There’s a couple of ways you can take figure photos. One uses traditional studio lighting techniques; you place the figure in front of a nice solid or patterned background, place your key light offset by maybe 30 degrees or so and your fill light on the other side, and trip the shutter. If you do it right, you can make a picture that clearly illuminates the figure, showing it off as it is.
Another way to shoot a figure is to manipulate the lighting and setting to achieve a desired effect, and this is how I prefer to photograph figures. Many times, I’m trying to convey a mood or establish an atmosphere rather than show how the figure looks. I readily concede that my pictures aren’t that useful for assessing what a figure looks like or whether it would be a worthwhile purchase, but that’s not what I’m trying to do; my goal is to make my figures and my pictures look as good as I can.
I should mention that a third way to take a figure picture is to take it outside. Definitely a valid approach, but I don’t think there’s anything intrinsically impressive or beautiful about a figure photo taken outside, and as I’m not very good at it, it’s not something I’ll be talking about here.
The first thing I do when I shoot a figure on a set is to set up the backdrop and get my lights positioned. Here I’ve got the backdrop set up how I want it, Matabei is positioned correctly, the lights are set to the appropriate power, and everything looks okay. Click.
I could use this photo in a post if I had to, but I’d rather not, as it doesn’t convey any sort of mood or drama. In addition, while the lighting is okay for the most part, there’s actually a conspicuous problem: the key light is set to camera left, but her spear casts a strange shadow on the floor, where the light source is obviously coming from the right. What’s that about? That light source is there because I was testing things out; there was an image in my mind that I wanted to create.
When I ordered this figure, I thought about how I wanted to photograph it. My first idea was to build a set in a style similar to the motifs presented in the anime – something with ink splotches and bold black outlining. As Matabei’s release date approached I decided the idea wasn’t a good one; I didn’t think I could pull it off and even if I could, I wouldn’t be able to re-use the set except for more Hyakka Ryouran (and Street Fighter IV, hypothetically) figures.
With that plan scrapped, I wasn’t sure how I wanted to photograph Matabei until I came across this image in one of my old archive directories. I’ve held on to this picture for around ten years because the mood it conveys always makes a big impression on me – the serenity of the scene, the somberness of the golden sunlight filtering through the ceiling, the way the shaft of light is directed away from the component objects in the room. I thought that something like this would make for a pretty good set.
The overhead lighting diagram isn’t exactly to scale and doesn’t show distances perfectly, but it gives an idea of where the lights were placed. The key light is a 580EX II with a snoot placed over it. What’s a snoot? It’s a very complicated contraption that looks like this:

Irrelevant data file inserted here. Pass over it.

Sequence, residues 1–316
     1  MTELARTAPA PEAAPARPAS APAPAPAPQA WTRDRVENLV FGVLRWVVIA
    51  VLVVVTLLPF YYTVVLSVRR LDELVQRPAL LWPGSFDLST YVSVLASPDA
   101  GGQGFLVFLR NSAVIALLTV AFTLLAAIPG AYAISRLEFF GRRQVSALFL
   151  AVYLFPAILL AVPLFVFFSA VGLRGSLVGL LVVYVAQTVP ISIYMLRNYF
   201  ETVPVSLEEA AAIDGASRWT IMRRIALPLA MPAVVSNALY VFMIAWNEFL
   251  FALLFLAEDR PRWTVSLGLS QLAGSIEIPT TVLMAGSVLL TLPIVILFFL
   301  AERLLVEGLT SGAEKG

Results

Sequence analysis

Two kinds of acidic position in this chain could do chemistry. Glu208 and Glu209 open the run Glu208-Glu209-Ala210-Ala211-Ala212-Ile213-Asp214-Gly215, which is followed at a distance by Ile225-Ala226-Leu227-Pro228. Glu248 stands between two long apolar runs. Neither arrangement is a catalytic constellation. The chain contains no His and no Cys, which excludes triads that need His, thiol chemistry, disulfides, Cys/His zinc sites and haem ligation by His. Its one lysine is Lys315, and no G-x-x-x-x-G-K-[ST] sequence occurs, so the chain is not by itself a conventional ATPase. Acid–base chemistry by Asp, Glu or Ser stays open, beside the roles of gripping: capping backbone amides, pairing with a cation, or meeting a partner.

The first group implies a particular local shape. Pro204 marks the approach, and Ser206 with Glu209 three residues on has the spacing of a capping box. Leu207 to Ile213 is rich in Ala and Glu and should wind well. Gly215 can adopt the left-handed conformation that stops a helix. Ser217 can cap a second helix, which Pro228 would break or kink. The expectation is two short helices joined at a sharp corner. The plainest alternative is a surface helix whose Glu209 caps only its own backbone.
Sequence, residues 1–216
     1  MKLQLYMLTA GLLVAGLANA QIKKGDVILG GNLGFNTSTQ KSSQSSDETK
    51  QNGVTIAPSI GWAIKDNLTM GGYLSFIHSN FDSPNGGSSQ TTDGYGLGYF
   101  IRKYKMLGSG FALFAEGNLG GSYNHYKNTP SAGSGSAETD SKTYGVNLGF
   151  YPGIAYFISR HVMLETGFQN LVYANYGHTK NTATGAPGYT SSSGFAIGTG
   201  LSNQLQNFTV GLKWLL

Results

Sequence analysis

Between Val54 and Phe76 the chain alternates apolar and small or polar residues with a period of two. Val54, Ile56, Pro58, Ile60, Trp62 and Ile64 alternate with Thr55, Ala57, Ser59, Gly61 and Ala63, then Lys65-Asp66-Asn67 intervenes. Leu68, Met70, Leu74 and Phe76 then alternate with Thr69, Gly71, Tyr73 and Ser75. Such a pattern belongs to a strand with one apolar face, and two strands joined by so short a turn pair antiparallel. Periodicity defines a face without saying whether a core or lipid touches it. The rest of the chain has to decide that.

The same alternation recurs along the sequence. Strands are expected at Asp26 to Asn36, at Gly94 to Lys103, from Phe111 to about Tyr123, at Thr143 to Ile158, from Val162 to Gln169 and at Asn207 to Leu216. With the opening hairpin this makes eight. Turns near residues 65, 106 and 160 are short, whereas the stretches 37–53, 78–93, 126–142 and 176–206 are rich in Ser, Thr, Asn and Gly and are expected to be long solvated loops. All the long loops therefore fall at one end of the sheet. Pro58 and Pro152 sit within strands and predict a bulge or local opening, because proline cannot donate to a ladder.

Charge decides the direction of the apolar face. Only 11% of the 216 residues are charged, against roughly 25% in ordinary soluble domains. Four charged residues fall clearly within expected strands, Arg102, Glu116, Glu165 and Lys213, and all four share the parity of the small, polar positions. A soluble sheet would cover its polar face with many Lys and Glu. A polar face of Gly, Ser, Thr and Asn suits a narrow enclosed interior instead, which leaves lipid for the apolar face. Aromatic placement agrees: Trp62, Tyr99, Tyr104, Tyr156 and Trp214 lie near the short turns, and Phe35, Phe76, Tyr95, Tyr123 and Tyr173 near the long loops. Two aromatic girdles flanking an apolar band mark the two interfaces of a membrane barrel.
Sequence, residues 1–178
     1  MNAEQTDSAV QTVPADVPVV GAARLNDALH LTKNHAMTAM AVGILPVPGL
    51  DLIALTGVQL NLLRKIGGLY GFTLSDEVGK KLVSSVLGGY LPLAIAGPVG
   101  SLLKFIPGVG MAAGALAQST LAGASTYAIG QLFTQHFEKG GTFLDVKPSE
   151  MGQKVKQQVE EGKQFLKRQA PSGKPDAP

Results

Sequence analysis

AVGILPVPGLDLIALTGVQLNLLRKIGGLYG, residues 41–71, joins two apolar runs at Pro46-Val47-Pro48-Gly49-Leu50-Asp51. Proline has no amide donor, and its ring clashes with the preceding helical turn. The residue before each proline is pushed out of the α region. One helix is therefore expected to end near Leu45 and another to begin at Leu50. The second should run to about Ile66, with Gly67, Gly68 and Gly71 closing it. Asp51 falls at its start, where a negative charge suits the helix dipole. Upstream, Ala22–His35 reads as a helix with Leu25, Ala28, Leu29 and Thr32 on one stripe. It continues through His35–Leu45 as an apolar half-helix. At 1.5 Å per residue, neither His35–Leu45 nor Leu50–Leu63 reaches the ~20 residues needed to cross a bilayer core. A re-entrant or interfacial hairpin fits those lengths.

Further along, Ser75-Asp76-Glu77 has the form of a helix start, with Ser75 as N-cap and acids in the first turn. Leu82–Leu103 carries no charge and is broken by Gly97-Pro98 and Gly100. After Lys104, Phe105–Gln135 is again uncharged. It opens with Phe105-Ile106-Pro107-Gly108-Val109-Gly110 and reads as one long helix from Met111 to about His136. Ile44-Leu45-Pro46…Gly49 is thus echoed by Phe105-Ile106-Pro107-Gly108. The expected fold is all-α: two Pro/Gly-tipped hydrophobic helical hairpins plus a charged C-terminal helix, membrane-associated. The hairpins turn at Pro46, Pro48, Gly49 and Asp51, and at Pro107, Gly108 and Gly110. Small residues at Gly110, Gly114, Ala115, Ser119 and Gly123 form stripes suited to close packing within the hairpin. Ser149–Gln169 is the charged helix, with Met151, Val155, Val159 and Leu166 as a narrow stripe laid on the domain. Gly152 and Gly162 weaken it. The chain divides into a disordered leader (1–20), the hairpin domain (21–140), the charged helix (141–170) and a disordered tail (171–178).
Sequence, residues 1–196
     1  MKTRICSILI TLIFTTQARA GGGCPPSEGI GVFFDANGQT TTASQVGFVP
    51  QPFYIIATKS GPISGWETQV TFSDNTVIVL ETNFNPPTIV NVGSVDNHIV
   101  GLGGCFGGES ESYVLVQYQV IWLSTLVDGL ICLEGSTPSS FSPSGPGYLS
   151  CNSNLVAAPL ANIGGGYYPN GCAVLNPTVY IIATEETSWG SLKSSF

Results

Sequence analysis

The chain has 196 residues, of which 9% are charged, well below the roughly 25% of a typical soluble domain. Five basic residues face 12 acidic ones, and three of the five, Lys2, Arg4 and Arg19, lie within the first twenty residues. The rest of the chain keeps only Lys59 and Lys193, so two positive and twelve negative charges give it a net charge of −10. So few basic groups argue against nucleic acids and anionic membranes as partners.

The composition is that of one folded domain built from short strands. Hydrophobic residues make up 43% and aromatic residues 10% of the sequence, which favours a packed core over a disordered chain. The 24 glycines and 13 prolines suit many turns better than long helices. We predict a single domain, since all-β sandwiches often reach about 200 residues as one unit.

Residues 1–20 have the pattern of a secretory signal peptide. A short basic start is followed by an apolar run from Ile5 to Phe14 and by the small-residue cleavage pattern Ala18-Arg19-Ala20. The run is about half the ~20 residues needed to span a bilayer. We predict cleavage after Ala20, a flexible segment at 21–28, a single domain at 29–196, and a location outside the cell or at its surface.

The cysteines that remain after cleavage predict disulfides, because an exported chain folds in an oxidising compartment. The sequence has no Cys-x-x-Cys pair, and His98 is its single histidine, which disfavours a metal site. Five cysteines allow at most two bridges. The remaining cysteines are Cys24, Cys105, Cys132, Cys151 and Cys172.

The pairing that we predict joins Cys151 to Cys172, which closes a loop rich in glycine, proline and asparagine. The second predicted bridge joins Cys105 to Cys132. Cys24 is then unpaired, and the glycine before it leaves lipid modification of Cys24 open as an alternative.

A snoot is basically a sleeve that fits over your light to restrict its spread; the longer the snoot, the tighter the beam. I’m constrained by a lack of space so the snoot I am using is not very long – only about five inches. However, there is not much room for the light to spread because the flash is placed so close to the subject.
Let’s build this shot up one light at a time. First, the key light, straight out of the camera (besides RAW conversion and resizing):
The key light is placed to camera left so that Matabei is turning her face into the light. Note the dramatic falloff of the light; it’s basically lighting her upper body, with just a little bit landing on her hips and almost none falling on her legs. Her hair is also deeply shadowed, increasing drama. There’s a bit of spill onto the floor and the backdrop but that’s not a problem.
If you remember the inverse square law from your physics classes … okay, nobody remembers that. Basically the main thing here is that if you want dramatic light falloff with deep, mysterious shadows, position your light appropriately and push it in closer. That might sound a bit counterintuitive – normally if you want to make a light dimmer, you position it further away, not closer – but cameras work differently than human vision.
The second thing about this light is that it is gelled with a 1/4 CTO gel. What’s a CTO gel? CTO stands for Color Temperature Orange and a gel is just a transparent piece of colored plastic. The idea here is that if you are in a room lit by tungsten sources – that is, incandescent or halogen light bulbs – the ambient light will be very orange in color. Camera flashes are generally colorless, so you’ll have colorless light mixed with amber-tinted light and your camera’s white balance function may not be able to compensate for that. However, by placing a CTO gel over your flash, you turn your flash orange, matching the ambient light, and now your camera’s white balance can cool down the scene and render a nice, color-corrected frame.
That’s not what I’m after here, though. CTO gels are meant to compensate for orange light but I want orange light here. The slightly warmer skin tone provided by the 1/4 CTO gel is essential to the mood I’m trying to create.